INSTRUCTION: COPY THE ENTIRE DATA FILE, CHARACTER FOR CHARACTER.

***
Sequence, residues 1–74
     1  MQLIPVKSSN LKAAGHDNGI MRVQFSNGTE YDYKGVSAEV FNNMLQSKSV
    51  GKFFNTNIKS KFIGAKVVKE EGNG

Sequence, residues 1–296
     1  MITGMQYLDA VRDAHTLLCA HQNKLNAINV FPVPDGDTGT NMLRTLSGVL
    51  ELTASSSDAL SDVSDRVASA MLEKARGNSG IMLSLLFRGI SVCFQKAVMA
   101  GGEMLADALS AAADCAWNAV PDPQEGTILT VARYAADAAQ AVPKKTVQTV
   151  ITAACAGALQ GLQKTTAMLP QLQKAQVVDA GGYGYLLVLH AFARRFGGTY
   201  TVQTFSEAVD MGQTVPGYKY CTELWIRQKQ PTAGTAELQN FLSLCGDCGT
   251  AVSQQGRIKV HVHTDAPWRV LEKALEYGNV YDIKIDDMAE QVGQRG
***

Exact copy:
Sequence, residues 1–74
     1  MQLIPVKSSN LKAAGHDNGI MRVQFSNGTE YDYKGVSAEV FNNMLQSKSV
    51  GKFFNTNIKS KFIGAKVVKE EGNG

Sequence, residues 1–296
     1  MITGMQYLDA VRDAHTLLCA HQNKLNAINV FPVPDGDTGT NMLRTLSGVL
    51  ELTASSSDAL SDVSDRVASA MLEKARGNSG IMLSLLFRGI SVCFQKAVMA
   101  GGEMLADALS AAADCAWNAV PDPQEGTILT VARYAADAAQ AVPKKTVQTV
   151  ITAACAGALQ GLQKTTAMLP QLQKAQVVDA GGYGYLLVLH AFARRFGGTY
   201  TVQTFSEAVD MGQTVPGYKY CTELWIRQKQ PTAGTAELQN FLSLCGDCGT
   251  AVSQQGRIKV HVHTDAPWRV LEKALEYGNV YDIKIDDMAE QVGQRG